To the surprise of no one with brains and a sense of what goes on here, there has been a steady stream of civilian-seeking rocket attacks on Israel since that time.
Even the voices of Israel's left have expressed a fairly consistent degree of doubt whether ceasing fire while your house, farms, towns and cities remain under active attack makes any sense. Yoel Marcus puts it this way in his Haaretz column: this ceasefire may lead to further problems for everyone in the region by letting Hamas regroup, which they're doing right now. And a large-scale police-style incursion into Gaza might yet be needed, given the history and proclivity of the thugs running things across Israel's southern border.
It makes Marcus and those for whom he speaks feel better knowing Israel has done whatever it can to avoid the lengthy stay and multiple Israeli and Palestinian Arab casualties that will follow. He sees (they see) a ceasefire with all its risks as bringing on the chance of calm and a respite from death and destruction. As he writes: "Hamas will take advantage of it to stockpile arms, but it is doing that anyway. It already has tens of thousands of missiles. "
This is plainly true. Marcus writes that "an imperfect calm is better than an imperfect military campaign". Michael Oren ("Israel's Truce With Hamas Is a Victory for Iran" in the Wall Street Journal) thinks not.
The ceasefire, concludes Oren, is a victory for Hamas and for its Iranian sponsors. Hamas won simply by not losing in the face of Israeli efforts to stop the rockets and mortars, and the ceasefire represents a confirmation of its victory. The danger, a view we share, is that this "ceasefire" will allow Iran, through its proxies, to completely encircle Israel with enemies. It's a process they have pursued for some years. Blind Freddie can see they're pressing forward and achieving it.
"As the primary sponsor of Hamas, Iran is the cease-fire's ultimate beneficiary. Having already surrounded Israel on three of its borders -- Gaza, Lebanon, Syria -- Iran is poised to penetrate the West Bank. By activating these fronts, Tehran can divert attention from its nuclear program and block any diplomatic effort. The advocates of peace between Israelis and Palestinians should recognize that fact when applauding quiet at any price. The cost of this truce may well be war."This morning, a week into this ceasefire, the terrorists fired two more mortar shells into southern Israel. One landed near Kibbutz Kfar Aza in Israel's Sha'ar Hanegev region. The other hit an open area. Yesterday, Thursday afternoon, a Qassam rocket fired from Gaza struck the Sderot industrial zone and exploded next to a gas station. The Al-Aksa Martyrs Brigades immediately claimed responsibility. (They're the thuggish gang connected with the Abbas/Fatah regime, purportedly the losers in last year's power struggle in Gaza.)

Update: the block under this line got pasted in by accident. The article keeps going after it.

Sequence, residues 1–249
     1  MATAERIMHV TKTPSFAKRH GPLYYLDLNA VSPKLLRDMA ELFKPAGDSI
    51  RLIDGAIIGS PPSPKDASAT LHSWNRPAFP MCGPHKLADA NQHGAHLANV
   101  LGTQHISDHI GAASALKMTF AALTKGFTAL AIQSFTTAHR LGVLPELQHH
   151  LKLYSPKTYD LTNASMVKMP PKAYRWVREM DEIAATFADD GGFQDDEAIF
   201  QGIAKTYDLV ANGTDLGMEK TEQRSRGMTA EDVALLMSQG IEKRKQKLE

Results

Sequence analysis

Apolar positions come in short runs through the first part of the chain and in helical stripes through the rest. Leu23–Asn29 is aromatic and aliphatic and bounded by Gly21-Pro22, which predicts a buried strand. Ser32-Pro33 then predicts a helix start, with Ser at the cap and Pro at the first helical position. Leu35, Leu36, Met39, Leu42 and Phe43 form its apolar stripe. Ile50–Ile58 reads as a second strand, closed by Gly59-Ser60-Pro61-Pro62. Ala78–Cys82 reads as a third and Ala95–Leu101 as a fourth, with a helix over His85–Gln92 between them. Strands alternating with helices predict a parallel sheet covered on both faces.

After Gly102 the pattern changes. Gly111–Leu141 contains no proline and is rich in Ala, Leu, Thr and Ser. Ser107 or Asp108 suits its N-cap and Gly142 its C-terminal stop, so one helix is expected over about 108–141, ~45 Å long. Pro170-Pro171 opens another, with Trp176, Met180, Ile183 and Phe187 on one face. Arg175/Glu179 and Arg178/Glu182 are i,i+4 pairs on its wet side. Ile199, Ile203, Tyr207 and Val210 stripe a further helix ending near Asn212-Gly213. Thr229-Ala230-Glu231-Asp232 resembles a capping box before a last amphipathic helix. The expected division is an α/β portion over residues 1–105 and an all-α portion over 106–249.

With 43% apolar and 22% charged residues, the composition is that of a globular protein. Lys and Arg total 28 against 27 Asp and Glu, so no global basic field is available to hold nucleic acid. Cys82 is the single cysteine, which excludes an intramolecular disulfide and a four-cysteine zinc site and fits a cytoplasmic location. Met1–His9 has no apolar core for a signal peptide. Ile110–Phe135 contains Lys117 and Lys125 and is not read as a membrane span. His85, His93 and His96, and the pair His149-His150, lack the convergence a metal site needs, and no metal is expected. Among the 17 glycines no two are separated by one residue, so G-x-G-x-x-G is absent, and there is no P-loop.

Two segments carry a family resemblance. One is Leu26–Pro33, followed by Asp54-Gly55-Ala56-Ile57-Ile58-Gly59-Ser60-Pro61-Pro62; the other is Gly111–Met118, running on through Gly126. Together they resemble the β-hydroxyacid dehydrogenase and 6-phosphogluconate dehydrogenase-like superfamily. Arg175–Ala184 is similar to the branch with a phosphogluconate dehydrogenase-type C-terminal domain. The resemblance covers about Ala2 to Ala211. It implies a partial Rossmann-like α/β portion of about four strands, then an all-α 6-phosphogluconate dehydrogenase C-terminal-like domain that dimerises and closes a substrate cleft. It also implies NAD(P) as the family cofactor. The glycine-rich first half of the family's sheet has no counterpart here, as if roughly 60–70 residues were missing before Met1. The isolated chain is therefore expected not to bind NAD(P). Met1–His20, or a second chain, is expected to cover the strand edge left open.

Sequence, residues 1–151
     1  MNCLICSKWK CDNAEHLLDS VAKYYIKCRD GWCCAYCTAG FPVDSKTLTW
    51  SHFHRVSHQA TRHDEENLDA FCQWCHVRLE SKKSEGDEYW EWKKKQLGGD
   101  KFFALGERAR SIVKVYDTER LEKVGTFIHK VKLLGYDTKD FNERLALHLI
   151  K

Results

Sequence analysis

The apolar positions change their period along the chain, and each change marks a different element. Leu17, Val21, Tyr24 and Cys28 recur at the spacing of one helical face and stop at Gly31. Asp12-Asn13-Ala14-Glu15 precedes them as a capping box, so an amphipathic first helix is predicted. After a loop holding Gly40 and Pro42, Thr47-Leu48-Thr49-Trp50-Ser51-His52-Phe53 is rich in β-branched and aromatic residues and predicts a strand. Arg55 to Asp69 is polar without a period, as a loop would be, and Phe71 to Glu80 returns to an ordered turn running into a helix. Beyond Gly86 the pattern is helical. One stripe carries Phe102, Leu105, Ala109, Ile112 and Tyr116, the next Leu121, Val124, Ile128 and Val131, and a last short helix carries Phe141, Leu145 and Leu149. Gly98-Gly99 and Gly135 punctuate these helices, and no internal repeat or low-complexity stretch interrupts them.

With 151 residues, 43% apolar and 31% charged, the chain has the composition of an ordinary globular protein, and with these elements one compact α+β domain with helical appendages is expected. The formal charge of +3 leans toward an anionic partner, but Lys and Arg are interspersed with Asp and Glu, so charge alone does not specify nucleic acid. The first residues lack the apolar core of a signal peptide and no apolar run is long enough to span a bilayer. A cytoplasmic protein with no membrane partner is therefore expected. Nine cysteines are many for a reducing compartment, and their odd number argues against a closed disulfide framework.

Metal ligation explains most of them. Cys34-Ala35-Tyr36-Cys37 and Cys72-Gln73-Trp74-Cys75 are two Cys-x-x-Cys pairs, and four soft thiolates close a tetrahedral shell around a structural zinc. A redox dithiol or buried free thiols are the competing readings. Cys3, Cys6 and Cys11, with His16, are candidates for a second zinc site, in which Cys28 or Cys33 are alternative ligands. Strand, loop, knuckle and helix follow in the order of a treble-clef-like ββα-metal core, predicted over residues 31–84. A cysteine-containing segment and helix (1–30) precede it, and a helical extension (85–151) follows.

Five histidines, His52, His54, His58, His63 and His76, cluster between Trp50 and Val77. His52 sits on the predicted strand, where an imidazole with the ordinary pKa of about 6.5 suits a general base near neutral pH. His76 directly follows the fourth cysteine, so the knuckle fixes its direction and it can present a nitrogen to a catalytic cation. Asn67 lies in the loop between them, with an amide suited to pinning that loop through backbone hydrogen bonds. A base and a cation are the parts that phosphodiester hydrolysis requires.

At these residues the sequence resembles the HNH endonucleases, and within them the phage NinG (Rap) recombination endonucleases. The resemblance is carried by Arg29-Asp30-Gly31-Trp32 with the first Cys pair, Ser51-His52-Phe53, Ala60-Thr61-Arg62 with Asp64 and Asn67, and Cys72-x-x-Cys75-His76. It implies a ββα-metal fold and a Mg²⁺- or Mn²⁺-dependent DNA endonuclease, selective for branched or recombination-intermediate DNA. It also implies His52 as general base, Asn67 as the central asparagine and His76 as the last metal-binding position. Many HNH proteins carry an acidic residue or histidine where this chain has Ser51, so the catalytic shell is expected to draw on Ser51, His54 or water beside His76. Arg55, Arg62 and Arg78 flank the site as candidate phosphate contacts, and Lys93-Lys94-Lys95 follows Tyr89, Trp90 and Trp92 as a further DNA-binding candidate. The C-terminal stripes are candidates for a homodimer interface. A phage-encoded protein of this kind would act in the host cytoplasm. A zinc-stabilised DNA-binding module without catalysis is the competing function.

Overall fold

This past Tuesday, three more jihadist rockets were fired into Sderot, sending two Israeli women into shock and severely damaging a house. Though the Gaza cargo crossings were then shut down by the Israeli authorities, industrial fuel was transferred into Gaza today, according to the Jerusalem Post, ensuring that the Hamas regime can continue to run its power stations. Food shipments into the Gaza Strip were already reinstated as of Tuesday.
This is how it is to live next door to a terrorist regime, and to have a government that responds first to the criticism and advice of foreign governments; second, to the needs of its own beleagured and endangered citizens. Israel's civilian victims of terror are double victims.
YNet points out that the Israeli government refusal to include Gilad Shalit's release in the ceasefire agreement is a violation of a promise made to his family just a few days ago by senior figures in the Olmert administration. The Israeli service-man's parents were quoted speaking this week, exactly two years after the day he was snatched by the Pal-Arab terrorists:
His mother, Aviva, says:
"We have to forge on. We can't allow ourselves the luxury of looking for something to make it easier. It's all about Gilad and he's having a worst time of it than I am. I'm not the problem here. I just keep thinking of ways we can bring him home... It's been 700 days too many and nothing is happening. Of course we're disappointed. I feel helpless because there's nothing I can do to push the process forward... Hope is the only thing we have left, so we have to hang on to it."Says the father, Noam Shalit:
"We try to remain optimistic, even though we don't have anything concrete to hold on to... We're trying to stay realistic. Not to be too euphoric or too pessimistic. That's not an easy thing to do."They speak for the entire country.